Found 400 results
Found 400 results
"2. Nice tricky one, it's enharmonic to a B# the major 3rd of G# so since a perfect 4 is C# a C is a b4 (Dim 4?) "
Not sure why he put a ? after Dim 4.
It's a semitone bigger than a minor interval.
Name the following intervals (give your reasoning where you can):
(some sneaky ones in there )
The first note is always the lower one, btw.
Some of you went a bit overboard because I might not have made my problem clear. So what I didn't understand (you probably tried to explain it to me but I didn't realise it,) was how to determine whether an interval is a major interval. Like you have to have some kind of basis of information to start determining altered intervals..
First of all, hello guitar world! I don't know anything about music theory but I came up with this chord progression for a song:
E, Esus4, A madd9, B, Am, B, Am, G#m, G, C, Bm, B
As far as I know, it is in the key of E and the scale is the E augmented fifth scale (except the part of the Bm)
What scales or modes can I use to create a solo/vocal line over it?
Thank you so much for your help.
denace the mennis, nikko the husky, and xixi top
Why not just watch it and see if you understand it?
Marty Friedman doesn't know much about theory, so I would guess he will not use many theoretical terms when he explains stuff.
Sweet Child of mine is in the key of D but Cadd9 is not in that key.
How does it relate ?
Okay, so these chords don't really exist? In terms of music theory, I mean the names would be wrong. Would there ever be a time when a Sus2 b5 (or #5) would be used?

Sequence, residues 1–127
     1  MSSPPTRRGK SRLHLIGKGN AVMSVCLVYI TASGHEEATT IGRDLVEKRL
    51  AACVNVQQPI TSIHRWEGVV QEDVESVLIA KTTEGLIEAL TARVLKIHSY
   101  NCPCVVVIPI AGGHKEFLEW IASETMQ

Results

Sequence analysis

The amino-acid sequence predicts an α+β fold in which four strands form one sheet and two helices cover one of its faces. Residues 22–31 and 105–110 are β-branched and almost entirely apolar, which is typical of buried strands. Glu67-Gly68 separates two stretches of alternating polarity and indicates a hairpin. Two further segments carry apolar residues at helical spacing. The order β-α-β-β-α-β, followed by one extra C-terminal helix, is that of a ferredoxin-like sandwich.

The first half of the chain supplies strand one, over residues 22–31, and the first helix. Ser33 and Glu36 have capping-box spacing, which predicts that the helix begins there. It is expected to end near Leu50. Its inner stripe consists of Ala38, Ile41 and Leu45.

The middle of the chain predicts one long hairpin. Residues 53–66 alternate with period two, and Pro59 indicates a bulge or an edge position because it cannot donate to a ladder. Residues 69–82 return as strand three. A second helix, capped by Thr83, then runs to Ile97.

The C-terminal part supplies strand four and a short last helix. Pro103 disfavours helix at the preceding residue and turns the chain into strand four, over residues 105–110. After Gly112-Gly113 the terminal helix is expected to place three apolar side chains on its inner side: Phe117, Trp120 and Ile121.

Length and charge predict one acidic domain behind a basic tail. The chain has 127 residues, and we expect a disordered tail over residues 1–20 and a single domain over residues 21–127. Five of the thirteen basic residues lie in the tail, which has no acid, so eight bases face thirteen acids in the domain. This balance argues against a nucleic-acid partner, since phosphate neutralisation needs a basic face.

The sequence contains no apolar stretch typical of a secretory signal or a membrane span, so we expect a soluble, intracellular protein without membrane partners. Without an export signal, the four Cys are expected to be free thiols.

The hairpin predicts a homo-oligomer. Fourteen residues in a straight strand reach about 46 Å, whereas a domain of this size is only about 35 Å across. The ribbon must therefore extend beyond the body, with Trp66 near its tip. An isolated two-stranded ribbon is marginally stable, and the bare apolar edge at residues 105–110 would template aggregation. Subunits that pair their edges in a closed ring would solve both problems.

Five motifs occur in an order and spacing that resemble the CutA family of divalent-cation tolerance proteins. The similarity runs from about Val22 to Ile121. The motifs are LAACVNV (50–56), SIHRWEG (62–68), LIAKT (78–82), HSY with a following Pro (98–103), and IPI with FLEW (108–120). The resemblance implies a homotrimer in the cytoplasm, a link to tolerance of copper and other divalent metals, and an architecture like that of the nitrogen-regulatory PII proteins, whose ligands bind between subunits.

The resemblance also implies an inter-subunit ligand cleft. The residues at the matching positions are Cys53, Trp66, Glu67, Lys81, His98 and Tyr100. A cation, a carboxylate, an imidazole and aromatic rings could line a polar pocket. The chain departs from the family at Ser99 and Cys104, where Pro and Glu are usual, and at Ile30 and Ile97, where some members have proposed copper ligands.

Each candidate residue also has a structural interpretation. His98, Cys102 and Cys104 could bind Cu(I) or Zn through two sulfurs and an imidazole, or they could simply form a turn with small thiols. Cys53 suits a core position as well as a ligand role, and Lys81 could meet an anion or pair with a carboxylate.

Really basic question but it's been bothering me (I didn't take music lessons btw). In some piano sheets I would come across for example two tied quarter notes, and can't help but wonder why isn't it one half note instead, because they sound the same? Or do they? Am I missing something?
When you compose riffs, do you have a general idea of what key and scale and technique you're using, or is every single note planned out like a piano composition?
Basically, how much feeling do you use to guide what you write when you write music on guitar?
Hi guys. Just stumbled on the Nashville numbering system today in response to oa friend asking what musicians meant by "numbering system".
I've watched a couple of videos on it. Kind of like the Roman numeral system, without the Roman numerals, just using normal numbers. Seems to be for describing simple tunes, chord progressions, and the odd lick.
Has anyone seriously used this? How commonly used is it, outside Nashville? Would anyone try and notatae the same level of detail using it that can be expressed using guitar tab or music notation?
Good grief guys, you're scaring the lad. It's really not that complicated.
If your rhythm guitarist is going from C to A, it's most likely in the key of Cmajor....so play the Cmajor scale (same as A minor).
As long as the chords he changes to are in the key of Cmajor, you can stay soloing in the C major scale. That's all you need to know for now. You can move on to other Scales/Modes in that key later, but for now to keep your head from exploding - keep it simple.
Now, I'm assuming you mean "harmonizing" as in staying within the key of the song - not Harmonizing each note with 2 guitars like Iron Maiden....that's a whole other ball of wax. But from what you are describing, I believe you are just wanting to play lead in the same ballpark as the song.
Hello, I've been playing guitar for 1-1/2 almost 2 years. I've learned all my basic chords and scales. As well as knowing a bit of theory too. But way too often I find my self just learning new songs or playing the same songs over and over, instead of learning new things. I have no real direction to go and feel I'm stuck in this sort of rut. Any help or ideas?
How to recognize notes by ear
How to listen to a random song and play it immediately without learning it from tthe tabs
I think this is really important thing to learn but I don't know how